Tuesday, March 09, 2010

Friend sent a "Oho, so Sarah Palin used Canadian single-payer health care!"

thing, so I did some checking. Not exactly:
“My first five years of life we spent in Skagway, Alaska, right there by Whitehorse (180km away. see map). Believe it or not – this was in the ‘60s – we used to hustle on over the border for health care that we would receive in Whitehorse. I remember my brother, he burned his ankle in some little kid accident thing and my parents had to put him on a train and rush him over to Whitehorse and I think, isn’t that kind of ironic now. Zooming over the border, getting health care from Canada."
and from her father,
Palin's father said his family probably boarded the train for the Whitehorse hospital only twice — once when a daughter had rheumatic fever, and once when his son, also named Chuck, severely burned his leg and an infection set in.

"We much preferred to use our facilities because my insurance didn't cover anything in Whitehorse. And even though they have socialized medicine, I still had to pay the bill, being an American citizen," Heath said.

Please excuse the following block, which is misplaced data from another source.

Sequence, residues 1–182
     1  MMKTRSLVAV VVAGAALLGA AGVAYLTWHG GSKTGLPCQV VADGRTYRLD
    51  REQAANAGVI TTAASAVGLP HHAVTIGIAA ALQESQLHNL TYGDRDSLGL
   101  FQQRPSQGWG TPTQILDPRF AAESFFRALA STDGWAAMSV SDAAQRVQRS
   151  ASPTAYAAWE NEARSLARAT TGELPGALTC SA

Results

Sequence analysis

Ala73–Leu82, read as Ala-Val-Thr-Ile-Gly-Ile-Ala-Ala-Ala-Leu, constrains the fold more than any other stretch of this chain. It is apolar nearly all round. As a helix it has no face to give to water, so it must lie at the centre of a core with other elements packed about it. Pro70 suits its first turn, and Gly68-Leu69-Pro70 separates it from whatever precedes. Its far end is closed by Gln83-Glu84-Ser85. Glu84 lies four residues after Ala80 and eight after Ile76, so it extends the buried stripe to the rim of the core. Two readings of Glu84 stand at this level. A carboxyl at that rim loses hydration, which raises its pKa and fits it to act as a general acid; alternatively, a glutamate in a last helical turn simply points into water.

Heath worked part-time for the White Pass & Yukon Railroad and had a pass allowing him and his family to ride for free.

The train in the 1960s often was the only option for getting to a doctor, Skagway Mayor Tom Cochran said
So, when she and her brother were kids, once for a bad burn and once for illness their parents took them to the closest doctor. And? This is a big deal?

Only to the squirrels trying to crap on her at every opportunity.

1 comment:

Anonymous said...

This is hilarious! All you Palin haters, and apparently the "professional journalists", have missed the fact that THERE WAS NO NATIONAL HEALTH CARE IN CANADA IN THE 1960s!

These left-wing types really crack me up!!!


The establishment of the Medical Care Act of 1966 allowed each province to set up their own "universal health care" programs, much like the states are free in America to do whatever they want regarding this sort of thing. The key word being allowed. (not required)
It wasn’t until the 1970's that Canada had any sort of nationwide "universal care" and it only covered in-hospital care. Doctor visits and other services weren’t covered.
It wasn’t until the Health Care Act of 1984 that Canada had what has come to be known as socialized medicine.
So Sarah and her family never "benefited" from "socialized medicine." On the contrary, they received the same kind of quality care we get here in America.